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Why Anonymous is taking on Riyadh

Interview: Carl Nasman / sdm
October 2, 2015

Anonymous, an international network of hackers, has been attacking official Saudi government websites. In an exclusive interview with DW, a group hacktivist explains why they have taken on Riyadh.


Almost as soon as Ali Mohammed al-Nimr's impending death sentence broke, Anonymous, a group of online hackers, vowed to take on the Saudi Arabian government.

The announcement was somewhat unusual for the group which is often perceived as focusing on campaigns of cyber security and espionage.

Seventeen-year-old al-Nimr, a Saudi Arabian national, was arrested in 2012 for his participation in the Arab Spring protests. A teenager at the time of his incarceration, al-Nimr claims to have been tortured during his three years of imprisonment. In May 2014, he was sentenced to death.

Appeals to two of the country's highest courts were rejected. Despite calls from Amnesty International and other rights organizations, al-Nimr's execution is now awaiting ratification by King Salman.

As al-Nimr's fate began to make headlines, Anonymous decided to take matters into their own hands and hack official Saudi Arabian government websites.

In an exclusive interview with DW, a member of Anonymous outlines what motived the group to attack Riyadh.

DW: How many people are there involved in this operation?

[There are] about 40 to 60 core members but there are people I don't even know hitting [attacking] websites. For the attack on the US embassy [in Riyadh], we set off for like 18 hours and I didn't even know the people that came to the lists of internet relay chat (IRCs).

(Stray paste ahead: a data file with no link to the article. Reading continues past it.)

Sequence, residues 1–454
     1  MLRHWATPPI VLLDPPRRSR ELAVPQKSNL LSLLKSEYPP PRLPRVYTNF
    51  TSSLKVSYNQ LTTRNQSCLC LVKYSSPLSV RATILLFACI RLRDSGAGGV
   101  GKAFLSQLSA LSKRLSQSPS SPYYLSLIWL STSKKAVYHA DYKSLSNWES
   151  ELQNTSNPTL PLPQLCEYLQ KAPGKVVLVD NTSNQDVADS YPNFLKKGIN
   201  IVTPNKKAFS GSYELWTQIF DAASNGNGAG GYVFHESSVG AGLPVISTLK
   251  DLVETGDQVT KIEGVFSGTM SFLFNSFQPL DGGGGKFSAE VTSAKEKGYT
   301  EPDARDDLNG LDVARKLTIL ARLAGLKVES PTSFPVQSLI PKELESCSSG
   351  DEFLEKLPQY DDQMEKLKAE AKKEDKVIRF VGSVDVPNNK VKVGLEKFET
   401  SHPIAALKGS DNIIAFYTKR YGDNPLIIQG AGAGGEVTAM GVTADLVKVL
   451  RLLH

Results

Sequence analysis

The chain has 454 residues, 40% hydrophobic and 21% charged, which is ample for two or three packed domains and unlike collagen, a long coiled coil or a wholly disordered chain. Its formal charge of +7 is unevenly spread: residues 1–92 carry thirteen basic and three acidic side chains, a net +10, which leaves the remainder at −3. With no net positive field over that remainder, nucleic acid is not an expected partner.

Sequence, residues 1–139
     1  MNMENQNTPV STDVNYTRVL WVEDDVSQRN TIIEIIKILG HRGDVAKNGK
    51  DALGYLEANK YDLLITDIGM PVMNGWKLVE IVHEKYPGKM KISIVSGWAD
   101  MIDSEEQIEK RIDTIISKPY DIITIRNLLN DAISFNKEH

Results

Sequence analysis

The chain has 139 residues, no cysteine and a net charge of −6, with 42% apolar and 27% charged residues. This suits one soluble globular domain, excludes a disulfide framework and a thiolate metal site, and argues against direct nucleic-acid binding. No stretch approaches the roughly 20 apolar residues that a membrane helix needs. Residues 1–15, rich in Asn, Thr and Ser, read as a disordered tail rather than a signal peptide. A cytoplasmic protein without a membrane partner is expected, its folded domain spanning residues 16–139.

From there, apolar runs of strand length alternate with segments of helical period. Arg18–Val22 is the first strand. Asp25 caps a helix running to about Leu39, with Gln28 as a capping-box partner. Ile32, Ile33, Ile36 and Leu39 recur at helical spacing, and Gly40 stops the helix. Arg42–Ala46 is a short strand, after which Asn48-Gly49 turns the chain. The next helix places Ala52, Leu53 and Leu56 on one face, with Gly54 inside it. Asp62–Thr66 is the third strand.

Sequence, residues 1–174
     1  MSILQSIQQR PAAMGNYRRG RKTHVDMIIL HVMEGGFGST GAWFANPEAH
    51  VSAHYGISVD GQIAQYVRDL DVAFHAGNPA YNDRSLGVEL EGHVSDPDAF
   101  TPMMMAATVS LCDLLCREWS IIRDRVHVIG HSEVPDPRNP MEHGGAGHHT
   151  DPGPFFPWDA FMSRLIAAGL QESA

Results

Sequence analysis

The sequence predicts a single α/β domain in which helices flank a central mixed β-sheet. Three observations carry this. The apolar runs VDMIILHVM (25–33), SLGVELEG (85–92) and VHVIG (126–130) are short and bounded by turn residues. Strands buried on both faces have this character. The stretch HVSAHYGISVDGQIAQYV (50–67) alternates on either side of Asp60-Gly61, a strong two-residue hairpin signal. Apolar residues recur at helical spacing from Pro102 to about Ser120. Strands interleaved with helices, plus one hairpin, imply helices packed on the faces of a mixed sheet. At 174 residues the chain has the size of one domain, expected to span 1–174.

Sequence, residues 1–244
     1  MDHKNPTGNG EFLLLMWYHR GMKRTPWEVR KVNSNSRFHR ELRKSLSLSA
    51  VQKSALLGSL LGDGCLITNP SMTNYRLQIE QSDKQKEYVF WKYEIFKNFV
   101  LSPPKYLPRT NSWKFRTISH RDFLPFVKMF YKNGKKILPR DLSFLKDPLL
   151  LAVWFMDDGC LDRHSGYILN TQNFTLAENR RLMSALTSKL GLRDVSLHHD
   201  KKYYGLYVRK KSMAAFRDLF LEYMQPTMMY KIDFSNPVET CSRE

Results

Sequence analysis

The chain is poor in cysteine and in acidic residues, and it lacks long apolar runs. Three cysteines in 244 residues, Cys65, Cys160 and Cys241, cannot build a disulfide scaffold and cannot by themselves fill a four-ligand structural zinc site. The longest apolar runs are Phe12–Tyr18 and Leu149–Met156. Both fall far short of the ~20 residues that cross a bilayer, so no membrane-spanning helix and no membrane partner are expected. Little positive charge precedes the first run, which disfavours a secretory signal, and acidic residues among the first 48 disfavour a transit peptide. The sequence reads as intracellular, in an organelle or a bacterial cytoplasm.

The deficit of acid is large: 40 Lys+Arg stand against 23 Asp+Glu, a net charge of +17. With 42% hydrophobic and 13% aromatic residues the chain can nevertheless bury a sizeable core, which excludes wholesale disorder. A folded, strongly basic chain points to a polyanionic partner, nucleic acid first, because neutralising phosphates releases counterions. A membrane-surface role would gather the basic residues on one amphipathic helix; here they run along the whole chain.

How do you coordinate your actions if you haven't met each other?

Most attacks are made through the IRCs list: we make a list of IRCs, we check some of the information, see if the IRC wasn't safe [verify if the list is true]. If it's completely safe they [hackers] are willing to come in. I would coordinate - we have a target list, so someone chooses a target, the anonymous members scan the target [for vulnerable entry points or security flaws in the system] and attack.

How do you choose the target?

Most of the time, anyone will just randomly choose one through the list but it has to be one on the list.

Twitter conversation with a member of Anonymous
Twitter conversation with the intervieweeImage: Twitter/Carl Nasman